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Suffolk, Va. (Virginia, United States) (search for this): chapter 2.11
e there are very few who will deny that General Longstreet was a hard fighter when once engaged, I have never found any one who claimed that he was a brilliant strategist; indeed, upon the only occasions when he exercised an independent command, Suffolk and Knoxville, the results in the public mind were not satisfactory. It is, therefore, with some surprise we learn from his paper that when in Richmond, en route from Suffolk to join General Lee at Fredericksburg, he paused to tell Mr. Seddon (Suffolk to join General Lee at Fredericksburg, he paused to tell Mr. Seddon (then Secretary of War), how to relieve Pemberton at Vicksburg. Our astonishment is increased when we read further, that before entering upon the campaign of 1863, he exacted a promise from General Lee that the campaign should be one of offensive strategy, but defensive tactics, and upon this understanding my (his) assent was given, and that therefore General Lee gave the order of march. Our wonder culminates when finally we are told that he had a plan to fight the battle different from Genera
York, Pa. (Pennsylvania, United States) (search for this): chapter 2.11
with the existing doubt as to what portion of the Federal army was then within supporting distance of the First and Eleventh corps, the arrival at a most inopportune moment of what proved to be a false report, that the enemy were advancing on the York road, which would have brought them in the rear of the Confederate troops; the time consumed in investigating the report; the apparent strength of the enemy's position; would all combine to make a subordinate commander hesitate to take the respons Heth's and Pender's, the former with Pegram's artillery battalion, the latter with McIntosh's, were in advance on this road; while of the Second corps, Early's division, attended by Jones' artillery battalion was approaching from the direction of York, and Rodes' from that of Carlisle, accompanied by Carter's battalion. The advance of the Third corps had encountered, at Gettysburg, a force of the enemy, and the firing heard was the beginning of the battle. Its significance, however, was not t
Seneca Falls (New York, United States) (search for this): chapter 2.11
ries of conflicts, terminating with Pleasonton's cavalry corps and Barnes' division of infantry, upon the 21st June, which caused him to retire to the vicinity of Ashby's Gap in the Blue Ridge, our infantry being upon the western side of the mountains. 165 Leaving the brigade before mentioned to hold the position, Stuart then, in the exercise of a discretion given him by General Lee and so stated in his report, determined to pass to the rear of the Federal army and cross the Potomac at Seneca Falls, a point between that army and their capital. Thus, it will be seen, including the brigade and battalion of cavalry which composed the vanguard of the army, that over one-half of the cavalry was left in position to be used by General Lee. Hooker, in his dispatch to his President, June 21st, (Report on the Conduct of the War, volume 1, page 279,) referring to Stuart's command, says: This cavalry force has hitherto prevented me from obtaining satisfactory information as to the whereabou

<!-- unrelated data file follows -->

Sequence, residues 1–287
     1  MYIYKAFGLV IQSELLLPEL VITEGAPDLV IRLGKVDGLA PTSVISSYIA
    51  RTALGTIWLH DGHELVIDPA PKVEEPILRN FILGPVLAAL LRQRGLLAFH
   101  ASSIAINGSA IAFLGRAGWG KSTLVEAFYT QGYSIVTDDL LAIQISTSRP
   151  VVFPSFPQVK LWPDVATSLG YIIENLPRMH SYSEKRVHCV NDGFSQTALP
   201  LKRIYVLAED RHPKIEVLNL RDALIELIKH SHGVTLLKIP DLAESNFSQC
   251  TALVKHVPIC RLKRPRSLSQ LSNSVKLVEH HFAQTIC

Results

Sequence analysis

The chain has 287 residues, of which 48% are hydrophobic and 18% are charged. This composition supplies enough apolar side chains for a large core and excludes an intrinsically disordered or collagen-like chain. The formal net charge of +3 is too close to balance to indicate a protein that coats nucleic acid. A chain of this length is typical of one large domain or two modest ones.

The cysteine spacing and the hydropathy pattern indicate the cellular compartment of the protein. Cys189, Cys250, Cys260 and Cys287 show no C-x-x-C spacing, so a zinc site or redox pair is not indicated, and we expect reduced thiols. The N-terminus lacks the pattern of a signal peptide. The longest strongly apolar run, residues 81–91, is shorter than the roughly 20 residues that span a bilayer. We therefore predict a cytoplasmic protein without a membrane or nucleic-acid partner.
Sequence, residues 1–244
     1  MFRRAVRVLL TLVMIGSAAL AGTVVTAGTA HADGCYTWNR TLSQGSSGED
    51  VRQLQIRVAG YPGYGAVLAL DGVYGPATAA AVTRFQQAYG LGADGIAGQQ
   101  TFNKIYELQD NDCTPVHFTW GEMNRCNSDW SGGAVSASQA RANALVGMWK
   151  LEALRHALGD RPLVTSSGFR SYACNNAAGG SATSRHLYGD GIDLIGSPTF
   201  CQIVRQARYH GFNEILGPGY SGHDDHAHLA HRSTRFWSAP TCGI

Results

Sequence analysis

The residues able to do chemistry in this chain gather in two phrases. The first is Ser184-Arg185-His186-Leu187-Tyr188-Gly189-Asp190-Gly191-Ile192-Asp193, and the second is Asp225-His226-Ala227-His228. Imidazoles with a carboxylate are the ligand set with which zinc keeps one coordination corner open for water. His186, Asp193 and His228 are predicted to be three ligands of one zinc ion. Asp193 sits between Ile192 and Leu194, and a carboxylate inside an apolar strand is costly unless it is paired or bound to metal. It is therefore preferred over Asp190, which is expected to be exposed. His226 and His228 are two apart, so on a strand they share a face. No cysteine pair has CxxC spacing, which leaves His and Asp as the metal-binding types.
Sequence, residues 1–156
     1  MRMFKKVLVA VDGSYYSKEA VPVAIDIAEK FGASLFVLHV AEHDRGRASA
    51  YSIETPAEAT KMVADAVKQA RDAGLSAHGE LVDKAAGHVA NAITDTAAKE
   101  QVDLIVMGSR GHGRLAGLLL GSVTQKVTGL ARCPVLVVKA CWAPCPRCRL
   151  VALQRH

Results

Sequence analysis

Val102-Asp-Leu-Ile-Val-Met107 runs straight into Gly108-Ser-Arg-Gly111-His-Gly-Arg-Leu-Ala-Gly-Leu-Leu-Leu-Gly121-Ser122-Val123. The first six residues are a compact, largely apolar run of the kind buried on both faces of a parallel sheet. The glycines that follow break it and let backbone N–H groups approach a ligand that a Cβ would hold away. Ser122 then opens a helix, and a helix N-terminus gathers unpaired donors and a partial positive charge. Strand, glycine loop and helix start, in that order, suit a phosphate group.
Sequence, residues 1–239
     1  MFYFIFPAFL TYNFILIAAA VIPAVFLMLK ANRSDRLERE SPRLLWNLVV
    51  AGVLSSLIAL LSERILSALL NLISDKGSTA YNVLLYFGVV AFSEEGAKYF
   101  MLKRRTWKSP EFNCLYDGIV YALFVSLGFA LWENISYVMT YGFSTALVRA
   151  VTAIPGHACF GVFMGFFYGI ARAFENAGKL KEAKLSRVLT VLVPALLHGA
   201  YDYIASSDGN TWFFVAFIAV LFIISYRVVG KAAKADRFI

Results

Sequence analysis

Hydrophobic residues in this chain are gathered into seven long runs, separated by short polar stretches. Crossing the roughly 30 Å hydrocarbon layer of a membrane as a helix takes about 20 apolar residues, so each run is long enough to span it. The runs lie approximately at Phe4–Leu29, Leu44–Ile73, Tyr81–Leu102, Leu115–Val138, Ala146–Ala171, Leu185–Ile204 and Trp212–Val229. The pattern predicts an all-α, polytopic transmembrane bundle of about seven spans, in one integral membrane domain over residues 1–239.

Williamsport (Maryland, United States) (search for this): chapter 2.11
ently rested in camp near Millwood and Berryville, crossed the Potomac, the Third corps at Shepherdstown, the First at Williamsport — the Comir.anding-General being with the latter, and my duties lying near him. On Wednesday, 1st July, Chambersburecond corps, were detailed to report to General Imboden at Cash Town, and aid in guarding the main wagon train back to Williamsport. The battalions generally remained in position most of the day. Nothing, however, was attempted by the enemy. That nenemy's country infested by cavalary detachments, the batteries accompanying General Imboden arrived with the train at Williamsport late on the 5th, and on the 6th did excellent service in repelling an attack of the enemy. On the 7th the artillery fortified line of battle, whose left rested on heights west of Hagerstown, and right on the Potomac, some miles below Williamsport. In full expectation of a decisive battle here, the army was by the Commanding-General called upon for its utmost e
Seminary (Virginia, United States) (search for this): chapter 2.11
nd proceeded to join the other troops of their corps on the left; and Colonel Brown, acting chief of artillery for that corps, sent to find, if practicable, an artillery route towards a wooded height commanding the enemy's right. No farther attack, however, was made, and night closed upon the scene. Early on the morning of the 2d the enemy, being now strongly posted on the heights to which he had retired the previous evening, the artillery of the Second corps occupied positions from the Seminary hill round to the left, the gallant Major Latimer, commanding Andrews' battalion, being on the extreme left, and Colonel Brown's battalion, under Captain Dance, on the right, near the Seminary. Further to the right, on Seminary Ridge, Colonel Walker posted the artillery of the Third corps, except Poague's battalion and a portion of Garnett's, held for a season in reserve. From the farthest occupied point on the right and front, in company with Colonels Long and Walker, and Captain Johnson